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  • Anthony Martinez is 84-years-old and suffering from renal failure, as well as other serious medical conditions including dementia. He is currently incarcerated in the Sterling Correctional Facility, site of one of Colorado’s largest COVID-19 outbreaks with almost 600 active COVID-19 cases. He and his family are understandably terrified that he will catch the virus and die.

    In the midst of this public health crisis, incarcerated people as vulnerable as Anthony, could and should be immediately released to safely live out their remaining years with family.

    Read more about Anthony Martinez and other at-risk incarcerated people. 

  • Ronald Johnson is pre-diabetic, suffers from asthma and high blood pressure, and regularly uses an inhaler to breathe. His age and respiratory ailments put him at risk of serious illness and death if he contracts COVID-19. With over hundreds of active cases in Colorado’s prisons, his family fears he will not make it out alive. His daughter, Amber, says, “In prison, he can’t protect himself and he can’t social distance. My deep fear is that my dad will die in prison. That is an awful, traumatic reality to consider. My chest is tight just thinking about how quickly it spreads and how vulnerable he is.”

    Governor Hickenlooper shortened his sentence following testimony from family, friends and correctional officers advocating for his early release. Yet, he is still eight years away from parole. While he remains in prison, COVID-19 continues to spread. Ronald’s three siblings, four children and four grandchildren are desperate for his release.

    Read more about Ronald Johnson and other at-risk incarcerated people.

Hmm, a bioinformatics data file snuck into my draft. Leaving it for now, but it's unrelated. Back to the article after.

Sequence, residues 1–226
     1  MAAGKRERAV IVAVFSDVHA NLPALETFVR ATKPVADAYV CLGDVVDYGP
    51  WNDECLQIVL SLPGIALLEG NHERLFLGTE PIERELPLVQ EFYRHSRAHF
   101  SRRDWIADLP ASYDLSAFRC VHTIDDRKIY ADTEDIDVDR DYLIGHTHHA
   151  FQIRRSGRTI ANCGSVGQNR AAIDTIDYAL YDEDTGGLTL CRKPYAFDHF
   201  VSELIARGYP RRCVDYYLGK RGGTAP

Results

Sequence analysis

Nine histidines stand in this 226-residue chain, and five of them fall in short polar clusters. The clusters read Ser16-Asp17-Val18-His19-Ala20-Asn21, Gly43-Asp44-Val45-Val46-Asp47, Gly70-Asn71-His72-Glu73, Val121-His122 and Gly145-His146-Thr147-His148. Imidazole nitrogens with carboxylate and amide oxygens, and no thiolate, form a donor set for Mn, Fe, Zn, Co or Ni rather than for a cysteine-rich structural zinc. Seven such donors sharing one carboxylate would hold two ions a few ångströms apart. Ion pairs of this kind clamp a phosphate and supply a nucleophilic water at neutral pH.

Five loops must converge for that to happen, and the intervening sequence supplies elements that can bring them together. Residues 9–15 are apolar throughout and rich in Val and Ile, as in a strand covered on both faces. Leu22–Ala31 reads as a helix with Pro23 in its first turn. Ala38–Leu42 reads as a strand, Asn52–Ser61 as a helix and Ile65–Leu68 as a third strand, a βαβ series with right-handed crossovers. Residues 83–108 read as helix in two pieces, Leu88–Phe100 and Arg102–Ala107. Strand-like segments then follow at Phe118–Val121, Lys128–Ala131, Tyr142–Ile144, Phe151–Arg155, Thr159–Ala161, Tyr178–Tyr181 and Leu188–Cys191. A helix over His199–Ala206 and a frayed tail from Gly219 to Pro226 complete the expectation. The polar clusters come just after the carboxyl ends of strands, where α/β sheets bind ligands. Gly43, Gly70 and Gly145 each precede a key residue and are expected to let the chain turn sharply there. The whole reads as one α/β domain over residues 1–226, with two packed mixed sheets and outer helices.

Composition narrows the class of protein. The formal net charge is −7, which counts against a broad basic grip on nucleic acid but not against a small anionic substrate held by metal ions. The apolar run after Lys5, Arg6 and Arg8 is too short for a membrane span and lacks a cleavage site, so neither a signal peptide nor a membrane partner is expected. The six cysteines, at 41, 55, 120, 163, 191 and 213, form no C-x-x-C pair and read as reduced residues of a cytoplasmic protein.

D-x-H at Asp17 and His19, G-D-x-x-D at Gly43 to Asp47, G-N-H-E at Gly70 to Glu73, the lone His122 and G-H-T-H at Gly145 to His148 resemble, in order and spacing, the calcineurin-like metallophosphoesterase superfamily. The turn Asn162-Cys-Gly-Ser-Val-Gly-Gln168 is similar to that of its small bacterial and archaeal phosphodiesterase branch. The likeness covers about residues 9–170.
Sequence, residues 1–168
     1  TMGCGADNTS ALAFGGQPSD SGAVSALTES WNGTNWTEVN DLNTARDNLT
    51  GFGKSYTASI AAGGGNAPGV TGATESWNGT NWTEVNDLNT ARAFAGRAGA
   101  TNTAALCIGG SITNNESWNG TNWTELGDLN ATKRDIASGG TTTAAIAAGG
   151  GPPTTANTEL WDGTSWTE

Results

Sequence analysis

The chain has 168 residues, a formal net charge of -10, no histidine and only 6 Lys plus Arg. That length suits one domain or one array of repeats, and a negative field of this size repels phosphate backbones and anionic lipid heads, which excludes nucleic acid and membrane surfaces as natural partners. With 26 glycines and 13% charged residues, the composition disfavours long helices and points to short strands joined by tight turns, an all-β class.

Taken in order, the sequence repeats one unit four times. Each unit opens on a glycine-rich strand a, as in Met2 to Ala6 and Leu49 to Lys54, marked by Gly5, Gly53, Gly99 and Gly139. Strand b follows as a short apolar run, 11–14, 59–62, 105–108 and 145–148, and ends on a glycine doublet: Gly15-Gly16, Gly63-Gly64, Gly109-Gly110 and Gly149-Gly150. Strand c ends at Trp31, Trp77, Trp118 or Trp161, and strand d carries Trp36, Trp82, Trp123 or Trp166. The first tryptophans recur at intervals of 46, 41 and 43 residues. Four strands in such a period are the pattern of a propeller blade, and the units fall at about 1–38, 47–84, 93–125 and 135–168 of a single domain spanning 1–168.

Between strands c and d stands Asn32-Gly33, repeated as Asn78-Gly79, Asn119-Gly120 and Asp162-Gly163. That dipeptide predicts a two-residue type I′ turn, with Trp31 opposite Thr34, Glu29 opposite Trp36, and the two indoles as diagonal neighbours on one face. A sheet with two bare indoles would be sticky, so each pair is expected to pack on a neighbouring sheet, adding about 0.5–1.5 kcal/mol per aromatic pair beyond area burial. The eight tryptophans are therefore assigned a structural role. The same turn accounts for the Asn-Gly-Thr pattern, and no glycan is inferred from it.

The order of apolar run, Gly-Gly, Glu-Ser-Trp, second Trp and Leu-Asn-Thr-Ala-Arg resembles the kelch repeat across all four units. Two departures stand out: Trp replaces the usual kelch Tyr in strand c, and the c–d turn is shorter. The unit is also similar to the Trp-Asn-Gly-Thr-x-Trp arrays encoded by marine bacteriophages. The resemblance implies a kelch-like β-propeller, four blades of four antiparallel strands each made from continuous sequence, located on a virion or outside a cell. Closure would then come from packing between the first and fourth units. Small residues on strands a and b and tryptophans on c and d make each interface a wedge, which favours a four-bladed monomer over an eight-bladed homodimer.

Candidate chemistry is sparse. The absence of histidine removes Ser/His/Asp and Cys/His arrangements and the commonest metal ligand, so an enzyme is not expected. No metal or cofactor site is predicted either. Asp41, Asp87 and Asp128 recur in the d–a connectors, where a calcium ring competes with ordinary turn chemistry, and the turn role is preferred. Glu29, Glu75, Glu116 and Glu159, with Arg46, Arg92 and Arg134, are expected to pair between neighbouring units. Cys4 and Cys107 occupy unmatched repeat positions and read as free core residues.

• Tuesday Olson knew her pregnancy was in trouble and tried to access hospital care as soon as possible. But there was a problem: she was in jail. This is her story.
  • It’s time to end the death penalty in Colorado. Family members who lost loved ones to murder speak out against an unjust and broken system.

Prison Officials Must Disclose CO Lethal Injection Protocol

August 2, 2013

Judge rules execution details needed to further public conversation about the death penalty

DENVER –Disclosure of Colorado’s current execution protocol will further the public interest and facilitate public conversation about the state’s use of the death penalty, according to a ruling issued yesterday by Denver District Court Judge R. Michael Mullins.

The court ruled that the Colorado Department of Corrections’ denial of an ACLU of Colorado request for access to a “restricted distribution” document outlining Colorado’s execution protocol and training was “arbitrary and an abuse of discretion.”

“We welcome the Court’s ruling. It’s a good day for transparency in public records and for furthering the public conversation about the death penalty in Colorado,” said ACLU of Colorado Legal Director Mark Silverstein.

According to Judge Mullins’ ruling, “CDOC has failed to demonstrate that disclosure of a properly redacted Execution Protocol would be contrary to the public interest. Particularly in light of Governor Hickenlooper's recent reprieve, which calls for a public conversation about the death penalty in Colorado, disclosure of these records would further the public interest.”

“The public has an interest in knowing how Colorado intends to carry out its executions, one of any government’s most serious functions,” said Lauren Schmidt of Brownstein Hyatt Farber Schreck, LLP, who argued the case as a cooperating attorney on behalf of the ACLU. “The Court’s ruling will help facilitate an important discussion about Colorado’s lethal injection procedures.”

Though the court’s ruling did not specify a deadline for providing the redacted document, Silverstein said he hopes the Department of Corrections will make it available “as soon as humanly possible.”


Read the District Court’s ruling.



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